The importance of neutron capture and other non-threshold reactions for stellar nucleosynthesis processes has led experimentalists to measure integral cross sections for reactions which would otherwise have little attention. These are used to inform reaction rates in stellar nuclide evolution calculations which model the elemental composition of the observable universe. The importance of these values has led to the production of an evaluated reference database for Maxwellian-averaged cross sections: the Karlsruhe Astrophysical Database of Nucleosynthesis in Stars (KADoNiS). This contains data for 357 nuclides over a range of 11 temperatures form 5 keV (58 million K) to 100 keV (1.2 billion K). It draws largely upon the well-known compilation of Bao et al, which includes an impressive catalogue of experimental and theoretical sources. While several of the nuclides without experimental information within Bao have been updated in the most recent KADoNiS database, 80 of these nuclides (22%) are based on theoretical, statistical model calculations rather than experimental measurements. Even though not as strong as the C/E validation for the remaining 277 nuclides, these still provide code-to-code comparisons for the TENDL calculated values.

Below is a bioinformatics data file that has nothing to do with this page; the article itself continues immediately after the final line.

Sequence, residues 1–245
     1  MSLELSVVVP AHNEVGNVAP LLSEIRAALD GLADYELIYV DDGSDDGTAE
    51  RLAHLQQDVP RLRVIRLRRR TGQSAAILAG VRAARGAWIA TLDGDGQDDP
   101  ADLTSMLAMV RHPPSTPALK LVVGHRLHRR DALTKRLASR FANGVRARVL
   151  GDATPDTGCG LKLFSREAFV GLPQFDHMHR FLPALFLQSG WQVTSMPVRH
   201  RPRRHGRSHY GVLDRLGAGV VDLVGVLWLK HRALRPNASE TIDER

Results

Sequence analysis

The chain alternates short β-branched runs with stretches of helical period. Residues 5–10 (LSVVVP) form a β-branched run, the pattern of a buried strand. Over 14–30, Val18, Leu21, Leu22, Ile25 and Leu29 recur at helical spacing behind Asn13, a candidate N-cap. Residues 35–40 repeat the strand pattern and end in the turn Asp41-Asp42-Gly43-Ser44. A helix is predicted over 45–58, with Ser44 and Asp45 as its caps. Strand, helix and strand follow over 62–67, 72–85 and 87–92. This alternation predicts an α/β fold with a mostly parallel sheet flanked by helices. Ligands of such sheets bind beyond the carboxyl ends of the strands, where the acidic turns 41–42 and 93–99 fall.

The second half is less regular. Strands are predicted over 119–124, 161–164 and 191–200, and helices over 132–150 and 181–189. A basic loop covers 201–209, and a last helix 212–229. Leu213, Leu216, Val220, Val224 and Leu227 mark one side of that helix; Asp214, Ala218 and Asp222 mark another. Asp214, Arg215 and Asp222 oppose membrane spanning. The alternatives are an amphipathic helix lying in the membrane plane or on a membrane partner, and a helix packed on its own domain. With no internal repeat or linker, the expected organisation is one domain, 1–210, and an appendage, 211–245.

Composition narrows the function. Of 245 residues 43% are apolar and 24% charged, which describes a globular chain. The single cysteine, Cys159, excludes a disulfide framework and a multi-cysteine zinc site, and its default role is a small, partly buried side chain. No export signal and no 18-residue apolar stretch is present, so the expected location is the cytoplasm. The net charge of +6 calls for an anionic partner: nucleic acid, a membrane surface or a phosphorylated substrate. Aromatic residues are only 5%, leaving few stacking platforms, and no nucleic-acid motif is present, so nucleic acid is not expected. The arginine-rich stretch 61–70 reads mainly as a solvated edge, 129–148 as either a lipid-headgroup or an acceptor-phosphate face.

TENDL outperforms well-known nuclear data libraries such as ENDF/B-VII.1 and JENDL-4.0u by both containing 100% of the reaction channels and posessing a better C/E distribution. JENDL and ENDF/B do not contain 68 and 65 of the nuclides as targets, respectively. The full energy-dependent curve of MACS often shows more detail and provides more information to base evaluations upon.

Systematic trends in global libraries